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    Trail Running: Don’t Let Cramps Hold You Back

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    Muscle cramps are very common among trail runners and athletes, particularly those who run long distances. For a long time, the focus was on dehydration, electrolyte loss, and muscle fatigue. However, new research has offered up some fresh advice for those who still suffer from muscle cramps despite taking those extra sodium tablets.  

     Let’s take a look at two of the most common theories behind muscle cramps, what new research has to say, as well as some preventative steps you can take for avoiding the dreaded spasms.  

     

    Common theories 

    The important thing to remember at this stage is that even the experts can’t say for sure what causes muscle cramps when doing exercise. We’re about to present you with a couple of common theories, but at this point, that’s all they are; theories. 

     

    Dehydration and electrolyte deficit 

    If you suffer from cramps, you’ll probably have heard this advice before; be sure to hydrate, replenish electrolytes, and take extra sodium tablets. It’s all based on the theory that muscle cramping stems from dehydration, electrolyte deficits, and sodium loss.  

    Electrolytes are charged particles found in the body that are ingested through fluids, foods, and supplements. Examples of electrolytes include calcium, magnesium, chloride, potassium, and sodium. They are present in your urine, blood, and bodily fluids, and an even balance is required for your body to function properly, including getting the muscles to contract and relax when required.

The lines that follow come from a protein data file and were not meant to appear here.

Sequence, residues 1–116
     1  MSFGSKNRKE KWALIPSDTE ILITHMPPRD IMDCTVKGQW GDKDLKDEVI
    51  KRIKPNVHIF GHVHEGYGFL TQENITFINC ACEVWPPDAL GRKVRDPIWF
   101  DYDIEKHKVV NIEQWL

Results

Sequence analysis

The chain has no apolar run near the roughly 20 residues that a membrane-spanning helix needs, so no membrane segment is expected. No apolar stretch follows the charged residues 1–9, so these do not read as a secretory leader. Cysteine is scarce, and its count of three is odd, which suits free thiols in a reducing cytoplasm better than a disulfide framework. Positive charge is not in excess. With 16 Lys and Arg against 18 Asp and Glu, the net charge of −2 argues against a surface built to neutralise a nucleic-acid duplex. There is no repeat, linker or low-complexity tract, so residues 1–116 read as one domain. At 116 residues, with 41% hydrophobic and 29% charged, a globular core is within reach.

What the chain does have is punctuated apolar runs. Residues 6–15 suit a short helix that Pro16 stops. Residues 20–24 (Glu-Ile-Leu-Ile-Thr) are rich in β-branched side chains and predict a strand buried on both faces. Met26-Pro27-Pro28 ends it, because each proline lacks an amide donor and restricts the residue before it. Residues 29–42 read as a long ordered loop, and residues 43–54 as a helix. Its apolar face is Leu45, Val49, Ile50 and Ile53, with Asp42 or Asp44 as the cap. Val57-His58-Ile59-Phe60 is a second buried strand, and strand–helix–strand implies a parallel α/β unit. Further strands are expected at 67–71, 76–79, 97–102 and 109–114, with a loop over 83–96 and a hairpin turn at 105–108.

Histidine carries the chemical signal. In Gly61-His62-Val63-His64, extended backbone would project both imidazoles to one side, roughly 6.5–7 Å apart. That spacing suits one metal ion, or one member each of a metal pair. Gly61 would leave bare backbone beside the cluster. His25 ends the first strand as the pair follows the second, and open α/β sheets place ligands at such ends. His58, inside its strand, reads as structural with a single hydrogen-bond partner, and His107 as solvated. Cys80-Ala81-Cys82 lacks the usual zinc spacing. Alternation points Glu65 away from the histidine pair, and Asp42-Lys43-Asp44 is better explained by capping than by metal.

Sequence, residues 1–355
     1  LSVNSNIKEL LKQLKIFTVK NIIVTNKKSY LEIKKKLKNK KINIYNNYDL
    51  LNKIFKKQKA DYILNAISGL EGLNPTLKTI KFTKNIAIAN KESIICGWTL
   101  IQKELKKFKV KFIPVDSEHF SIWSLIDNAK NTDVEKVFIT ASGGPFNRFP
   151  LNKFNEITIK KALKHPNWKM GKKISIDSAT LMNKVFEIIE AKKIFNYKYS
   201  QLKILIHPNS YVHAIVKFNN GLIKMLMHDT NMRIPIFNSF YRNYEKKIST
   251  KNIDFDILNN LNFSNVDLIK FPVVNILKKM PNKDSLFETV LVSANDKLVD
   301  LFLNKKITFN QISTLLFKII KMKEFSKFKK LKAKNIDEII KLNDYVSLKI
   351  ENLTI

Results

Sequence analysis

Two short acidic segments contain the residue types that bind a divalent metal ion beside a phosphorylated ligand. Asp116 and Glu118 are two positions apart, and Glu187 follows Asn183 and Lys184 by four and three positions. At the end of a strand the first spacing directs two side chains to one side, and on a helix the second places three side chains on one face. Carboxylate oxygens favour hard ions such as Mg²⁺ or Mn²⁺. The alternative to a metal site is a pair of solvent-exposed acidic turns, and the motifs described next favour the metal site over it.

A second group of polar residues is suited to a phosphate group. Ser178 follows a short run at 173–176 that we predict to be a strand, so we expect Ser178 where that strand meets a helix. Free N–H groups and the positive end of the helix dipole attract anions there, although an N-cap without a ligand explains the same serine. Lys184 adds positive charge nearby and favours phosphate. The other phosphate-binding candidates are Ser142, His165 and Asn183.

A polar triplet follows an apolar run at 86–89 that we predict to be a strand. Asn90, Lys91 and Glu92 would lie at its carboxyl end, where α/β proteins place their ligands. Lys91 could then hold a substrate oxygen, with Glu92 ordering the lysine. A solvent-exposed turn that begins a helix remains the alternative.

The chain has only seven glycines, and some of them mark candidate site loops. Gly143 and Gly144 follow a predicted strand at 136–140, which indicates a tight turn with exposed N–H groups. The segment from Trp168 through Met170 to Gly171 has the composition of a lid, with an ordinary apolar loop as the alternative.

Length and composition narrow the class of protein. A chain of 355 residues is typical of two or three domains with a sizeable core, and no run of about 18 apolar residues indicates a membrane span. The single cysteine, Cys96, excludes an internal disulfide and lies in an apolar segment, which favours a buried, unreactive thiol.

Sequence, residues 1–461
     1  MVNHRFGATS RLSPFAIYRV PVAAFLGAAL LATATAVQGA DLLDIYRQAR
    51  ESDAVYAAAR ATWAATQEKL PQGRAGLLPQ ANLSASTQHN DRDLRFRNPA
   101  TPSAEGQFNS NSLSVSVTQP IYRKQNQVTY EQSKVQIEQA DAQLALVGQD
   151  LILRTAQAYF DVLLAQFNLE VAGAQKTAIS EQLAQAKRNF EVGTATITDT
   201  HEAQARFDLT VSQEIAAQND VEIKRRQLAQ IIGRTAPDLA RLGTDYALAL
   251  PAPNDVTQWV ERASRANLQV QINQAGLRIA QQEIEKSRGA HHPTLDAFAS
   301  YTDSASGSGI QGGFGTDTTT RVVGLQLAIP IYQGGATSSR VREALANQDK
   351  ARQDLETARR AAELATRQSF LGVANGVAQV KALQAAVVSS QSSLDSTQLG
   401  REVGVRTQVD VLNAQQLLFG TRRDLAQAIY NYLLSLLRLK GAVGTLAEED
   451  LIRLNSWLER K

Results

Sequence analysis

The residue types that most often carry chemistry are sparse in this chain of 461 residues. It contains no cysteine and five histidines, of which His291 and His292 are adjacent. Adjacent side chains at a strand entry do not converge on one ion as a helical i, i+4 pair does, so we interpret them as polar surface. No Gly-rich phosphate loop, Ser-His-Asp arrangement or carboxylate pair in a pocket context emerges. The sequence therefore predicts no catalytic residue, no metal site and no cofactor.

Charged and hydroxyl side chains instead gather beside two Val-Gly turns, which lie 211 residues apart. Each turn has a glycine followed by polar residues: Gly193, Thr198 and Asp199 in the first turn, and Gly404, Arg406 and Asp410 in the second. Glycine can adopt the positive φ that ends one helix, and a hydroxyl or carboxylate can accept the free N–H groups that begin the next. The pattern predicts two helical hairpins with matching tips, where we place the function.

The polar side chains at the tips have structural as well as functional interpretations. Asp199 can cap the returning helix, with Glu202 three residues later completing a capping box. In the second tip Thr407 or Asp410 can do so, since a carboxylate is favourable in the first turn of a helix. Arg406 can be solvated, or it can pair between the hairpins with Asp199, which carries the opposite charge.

It is thought that an imbalance of these elements can cause problems with the body’s electrical impulses, with low levels allowing the muscle to contract, but stopping it from relaxing. Indeed, one of the symptoms of an electrolyte disorder is muscle cramping.  

    An imbalance can occur for a variety of reasons, including a loss of bodily fluids through prolonged sweating. So, the belief is that fluid and electrolyte imbalance caused by excessive sweating and dehydration during exercise can lead to muscle cramps. 

    To combat this, you need to replenish your body during and after your run with the right amount of fluid and salt. You can get sports drinks that contain your essential electrolytes, or even get supplements or salt tablets if necessary.  

    Another option would be to increase foods that are rich in potassium, calcium, sodium, and magnesium. Water-dense foods that are great for hydrating include coconut water, cucumber, watermelon, celery, kiwi, carrots, and pineapple. For additional calcium, look to dairy products, leafy greens, beans, and legumes.  

    If you’re running in hot temperatures, tend to sweat heavily during your run, or are running for longer than an hour, then consider consuming a sports drink that includes sodium an hour before you head off. You can then replenish every 10-20 minutes while running, depending on how sweaty you get.  

    The thing to keep in mind with this theory is that strong evidence for it is lacking. Most of it is based on observational and anecdotal studies, rather than sound experimental evidence. One thing to consider is that if this factor alone caused a cramp to occur, then it would most likely not cause a specific muscle group, such as the calves, hamstrings, and quadriceps, to cramp each time. Indeed, you would probably expect to experience generalized cramping.  

    In fact, one study found that dehydration and electrolyte loss are likely not the sole cause of exercise-associated muscle cramps (EAMC), so if you’ve found that this strategy alone isn’t working for you, you may want to include other options into your preventative program.  

     

    Neuromuscular fatigue